Smadar Haran survived and is still struggling to come to terms with her heartbreaking memories. "I will never forget the joy and the hatred in [the attackers'] voices as they swaggered about hunting for us, firing their guns and throwing grenades," she wrote in the Washington Post in 2003. "I knew that if Yael cried out, the terrorists would toss a grenade into the crawl space and we would be killed. So I kept my hand over her mouth, hoping she could breathe. As I lay there, I remembered my mother telling me how she had hidden from the Nazis during the Holocaust. 'This is just like what happened to my mother,' I thought." For the past 30 years Smadar Haran has lobbied the Israeli government to keep Kuntar locked up. Yet she seemed resigned to the news on Sunday after learning of the cabinet vote. "Samir Kuntar isn't, nor has he ever been, my private prisoner," she told reporters. "His fate must be decided now according to Israel's needs and ethical interests."
Israel's needs and ethical interests have always been a complex equation. Americans often find it difficult to understand how Israelis can trade hundreds of Palestinian prisoners for one or two Israelis, alive or dead. Kuntar's case points up how frustrating and difficult those calculations can be. Yet Israel has frequently made the deals; in 1985, Ahmad al-Abras, another militant from Kuntar's unit involved in the 1979 raid, was swapped in an exchange as one of more than 1,000 Arab prisoners traded for three Israelis. Even a civilian killing as grisly as the Haran murders, both Palestinians and Israelis acknowledge, doesn't exist in a vacuum; it must be seen also in the context of the ongoing regional clashes. Kuntar, says his lawyer, Elias Sabbagh, "sees himself as one of the participants in the Israeli-Palestinian conflict." Even some Israelis point out that their nation's military is also frequently responsible for horrifying civilian deaths. "There are so many Israelis who have at least as much blood on their hands," says Yaron Ezrahi, a professor of political science at Jerusalem's Hebrew University, who supports a prisoner swap. "In our world, we find [Israeli] army actions apparently more excusable."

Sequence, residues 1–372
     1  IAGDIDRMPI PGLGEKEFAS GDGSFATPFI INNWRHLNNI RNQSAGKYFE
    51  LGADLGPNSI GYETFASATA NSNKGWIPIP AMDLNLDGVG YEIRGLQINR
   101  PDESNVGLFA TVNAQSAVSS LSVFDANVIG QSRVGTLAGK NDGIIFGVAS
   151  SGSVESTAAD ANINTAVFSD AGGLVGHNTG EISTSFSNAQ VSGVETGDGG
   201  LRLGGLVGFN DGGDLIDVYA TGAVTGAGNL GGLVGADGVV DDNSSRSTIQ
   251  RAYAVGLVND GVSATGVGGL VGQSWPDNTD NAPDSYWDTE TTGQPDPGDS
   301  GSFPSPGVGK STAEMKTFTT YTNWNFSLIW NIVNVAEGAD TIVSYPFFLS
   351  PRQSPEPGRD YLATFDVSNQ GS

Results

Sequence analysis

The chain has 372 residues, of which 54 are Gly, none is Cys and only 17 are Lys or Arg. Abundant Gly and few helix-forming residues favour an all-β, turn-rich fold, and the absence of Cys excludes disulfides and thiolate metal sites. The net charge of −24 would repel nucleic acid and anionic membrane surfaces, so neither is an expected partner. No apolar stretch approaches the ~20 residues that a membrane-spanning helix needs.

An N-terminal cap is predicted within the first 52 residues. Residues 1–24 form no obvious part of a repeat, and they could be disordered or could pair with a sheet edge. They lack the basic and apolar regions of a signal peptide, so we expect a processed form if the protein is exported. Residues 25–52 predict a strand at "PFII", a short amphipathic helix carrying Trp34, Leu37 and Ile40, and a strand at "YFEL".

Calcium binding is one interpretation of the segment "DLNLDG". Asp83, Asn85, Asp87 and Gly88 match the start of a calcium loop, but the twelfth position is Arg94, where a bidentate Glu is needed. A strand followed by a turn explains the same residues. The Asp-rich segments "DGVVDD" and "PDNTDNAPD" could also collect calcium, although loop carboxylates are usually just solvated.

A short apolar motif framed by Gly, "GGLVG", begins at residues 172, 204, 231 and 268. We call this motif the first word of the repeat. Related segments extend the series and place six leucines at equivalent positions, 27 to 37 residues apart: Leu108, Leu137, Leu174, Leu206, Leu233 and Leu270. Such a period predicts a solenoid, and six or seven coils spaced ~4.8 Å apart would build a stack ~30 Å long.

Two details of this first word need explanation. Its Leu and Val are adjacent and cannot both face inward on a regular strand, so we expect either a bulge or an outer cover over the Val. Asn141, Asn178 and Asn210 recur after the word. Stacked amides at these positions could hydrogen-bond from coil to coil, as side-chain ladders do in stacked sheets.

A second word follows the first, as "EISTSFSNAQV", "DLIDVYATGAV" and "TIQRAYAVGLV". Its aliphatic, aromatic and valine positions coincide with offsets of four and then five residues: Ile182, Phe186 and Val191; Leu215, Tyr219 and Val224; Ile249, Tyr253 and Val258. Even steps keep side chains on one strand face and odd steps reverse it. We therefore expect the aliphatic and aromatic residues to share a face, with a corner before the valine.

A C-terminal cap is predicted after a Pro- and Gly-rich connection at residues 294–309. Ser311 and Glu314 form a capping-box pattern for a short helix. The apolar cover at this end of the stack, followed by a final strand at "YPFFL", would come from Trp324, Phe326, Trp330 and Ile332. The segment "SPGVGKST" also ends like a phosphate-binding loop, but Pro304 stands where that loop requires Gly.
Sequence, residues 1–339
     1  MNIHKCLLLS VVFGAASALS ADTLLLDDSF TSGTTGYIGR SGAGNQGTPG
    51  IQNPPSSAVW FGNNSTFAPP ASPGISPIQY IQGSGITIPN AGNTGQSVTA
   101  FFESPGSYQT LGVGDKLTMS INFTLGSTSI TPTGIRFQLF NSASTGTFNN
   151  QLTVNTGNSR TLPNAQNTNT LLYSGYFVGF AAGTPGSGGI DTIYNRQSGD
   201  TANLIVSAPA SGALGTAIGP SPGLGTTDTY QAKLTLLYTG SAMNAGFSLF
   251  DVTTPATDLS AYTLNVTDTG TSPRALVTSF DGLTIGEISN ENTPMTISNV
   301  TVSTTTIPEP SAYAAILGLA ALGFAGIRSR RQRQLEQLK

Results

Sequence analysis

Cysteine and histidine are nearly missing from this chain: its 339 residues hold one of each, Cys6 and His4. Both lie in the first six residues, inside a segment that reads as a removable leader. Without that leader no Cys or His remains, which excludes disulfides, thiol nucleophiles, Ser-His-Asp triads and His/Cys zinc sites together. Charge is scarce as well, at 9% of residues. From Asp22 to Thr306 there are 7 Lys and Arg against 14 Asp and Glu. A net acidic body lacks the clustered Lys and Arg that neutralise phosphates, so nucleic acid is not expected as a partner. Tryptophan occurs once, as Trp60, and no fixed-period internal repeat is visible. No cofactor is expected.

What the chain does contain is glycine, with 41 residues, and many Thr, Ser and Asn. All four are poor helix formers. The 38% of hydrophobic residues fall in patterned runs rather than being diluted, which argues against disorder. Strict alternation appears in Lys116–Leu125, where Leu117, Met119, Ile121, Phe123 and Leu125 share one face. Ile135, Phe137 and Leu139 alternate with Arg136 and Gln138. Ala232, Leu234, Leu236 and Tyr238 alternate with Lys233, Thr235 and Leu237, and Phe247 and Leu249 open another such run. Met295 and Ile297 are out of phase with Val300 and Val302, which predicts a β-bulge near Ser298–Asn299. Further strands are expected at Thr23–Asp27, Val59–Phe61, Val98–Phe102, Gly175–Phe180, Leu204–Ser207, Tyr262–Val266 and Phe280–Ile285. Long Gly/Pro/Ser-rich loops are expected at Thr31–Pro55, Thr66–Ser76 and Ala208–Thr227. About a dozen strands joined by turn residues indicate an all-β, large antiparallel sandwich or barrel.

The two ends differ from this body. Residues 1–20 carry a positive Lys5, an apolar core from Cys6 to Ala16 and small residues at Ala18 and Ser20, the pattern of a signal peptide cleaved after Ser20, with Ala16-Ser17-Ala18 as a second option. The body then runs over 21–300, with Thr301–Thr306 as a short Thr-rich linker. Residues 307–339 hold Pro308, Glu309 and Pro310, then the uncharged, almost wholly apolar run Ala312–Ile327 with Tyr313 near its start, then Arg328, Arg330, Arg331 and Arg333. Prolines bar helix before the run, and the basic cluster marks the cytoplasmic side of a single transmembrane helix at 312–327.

Kuntar is almost certain to be welcomed as a hero in Lebanon if the swap goes through. Sabbagh says that "all signals are pointing in the direction of a deal." He expects that Kuntar will be released within a week or two. Already some Lebanese have begun preparations for Kuntar's return, decorating a central square in the southern city of Sidon. At Israel's Haderim prison, Kuntar is waiting for the final word. In the meantime, his lawyer says the former militant is considering writing a book. Still, it is only after the celebrations in Lebanon have died down that the hard part will begin for the newly free Kuntar. Now 45, after nearly 30 years in prison, Kuntar "has no friends," says Sabbagh. "He's not religious at all. He has no family. He has no wife." By all accounts, he also has no remorse.